Oriental Rugs, Vintage Rugs, and Antique Rugs by Peter Pap

Rug Restoration

Many rugs show the effects of use and wear over time. The following are examples of some of the more common types of restoration.

These pictures show wear to the foundation of the rug. Some people choose to color in the white threads to disguise the wear. If you suspect this might have been done, take a wet white cloth and rub the worn area to see if color comes up.

foundation wear
Foundation wear
  close up
Close up of foundation wear

The plain ivory border on the end, which had been missing, has been masterfully rewoven. Note in the photo of the back how well the weave is matched, and on the front, the quality of the color and surface.

Reweaving - back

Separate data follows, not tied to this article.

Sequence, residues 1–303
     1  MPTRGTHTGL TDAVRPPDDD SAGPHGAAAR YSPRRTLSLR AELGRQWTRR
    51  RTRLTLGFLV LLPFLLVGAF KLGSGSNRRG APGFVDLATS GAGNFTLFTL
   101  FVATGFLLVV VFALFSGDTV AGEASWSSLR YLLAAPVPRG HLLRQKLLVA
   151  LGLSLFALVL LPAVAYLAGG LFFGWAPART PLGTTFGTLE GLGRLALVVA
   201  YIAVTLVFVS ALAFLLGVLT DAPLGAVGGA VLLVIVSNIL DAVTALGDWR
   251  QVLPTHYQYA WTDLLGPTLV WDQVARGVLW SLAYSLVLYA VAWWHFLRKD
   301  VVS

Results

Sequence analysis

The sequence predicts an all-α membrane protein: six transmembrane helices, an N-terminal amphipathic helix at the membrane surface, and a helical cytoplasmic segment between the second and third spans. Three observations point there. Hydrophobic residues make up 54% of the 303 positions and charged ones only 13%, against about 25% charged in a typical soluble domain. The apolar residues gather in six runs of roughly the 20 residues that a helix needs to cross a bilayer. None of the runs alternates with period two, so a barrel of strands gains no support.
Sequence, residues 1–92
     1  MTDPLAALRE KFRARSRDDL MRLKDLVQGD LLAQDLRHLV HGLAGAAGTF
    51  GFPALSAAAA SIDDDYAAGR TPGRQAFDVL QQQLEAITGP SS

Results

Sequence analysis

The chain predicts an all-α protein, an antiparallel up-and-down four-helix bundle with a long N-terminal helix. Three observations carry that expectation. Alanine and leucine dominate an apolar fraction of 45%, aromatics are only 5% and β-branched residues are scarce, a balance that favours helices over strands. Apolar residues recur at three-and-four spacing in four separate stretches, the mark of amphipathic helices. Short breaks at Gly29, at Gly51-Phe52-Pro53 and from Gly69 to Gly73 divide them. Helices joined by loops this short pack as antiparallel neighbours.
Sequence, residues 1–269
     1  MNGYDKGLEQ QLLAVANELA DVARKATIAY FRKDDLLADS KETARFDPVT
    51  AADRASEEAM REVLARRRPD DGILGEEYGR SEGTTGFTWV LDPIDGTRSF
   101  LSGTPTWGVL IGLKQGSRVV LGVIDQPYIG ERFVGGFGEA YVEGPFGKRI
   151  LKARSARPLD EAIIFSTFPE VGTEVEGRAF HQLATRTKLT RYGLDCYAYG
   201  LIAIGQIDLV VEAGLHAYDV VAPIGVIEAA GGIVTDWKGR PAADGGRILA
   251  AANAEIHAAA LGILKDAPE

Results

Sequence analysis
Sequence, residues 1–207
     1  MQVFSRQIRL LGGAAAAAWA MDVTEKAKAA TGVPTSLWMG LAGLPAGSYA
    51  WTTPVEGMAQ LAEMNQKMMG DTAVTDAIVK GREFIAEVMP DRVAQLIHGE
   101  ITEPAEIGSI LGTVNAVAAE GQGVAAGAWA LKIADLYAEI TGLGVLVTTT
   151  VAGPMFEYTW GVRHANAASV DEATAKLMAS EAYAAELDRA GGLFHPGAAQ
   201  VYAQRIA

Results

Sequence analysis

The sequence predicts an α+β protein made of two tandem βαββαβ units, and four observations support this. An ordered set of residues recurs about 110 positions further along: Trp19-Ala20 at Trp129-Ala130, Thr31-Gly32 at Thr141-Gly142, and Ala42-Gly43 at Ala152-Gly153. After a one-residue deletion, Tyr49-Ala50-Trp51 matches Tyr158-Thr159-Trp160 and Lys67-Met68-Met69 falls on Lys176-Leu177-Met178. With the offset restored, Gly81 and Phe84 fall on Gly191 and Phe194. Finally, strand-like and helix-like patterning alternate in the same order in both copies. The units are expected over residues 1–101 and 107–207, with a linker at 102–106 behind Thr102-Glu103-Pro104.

Reweaving - front

Sometimes you'll see an antique rug that has a well-done restoration, but over time, the dyes in the wool that were used have faded, resulting in what you see here. We discourage tinting the area as it won't last. One either has to live with it or have it redone.

faded dye
Reweaving with faded dye

This photo shows the edge of a rug, often referred to as "selvedge," that is in need of repair. Because this damage has been allowed to creep into the body of the rug, the repair will be more involved than a simple rewrapping of the selvedge.

edge damage
Edge damage

When a rug is allowed to begin to unravel at the end, it results in a look like this. A simple overcasting with a buttonhole stitch or whip stitch can correct this and prevent further unraveling.

edge loss
End loss
whip stitch
Overcasting with whip stitch
buttonhole stitch
Overcasting with buttonhole stitch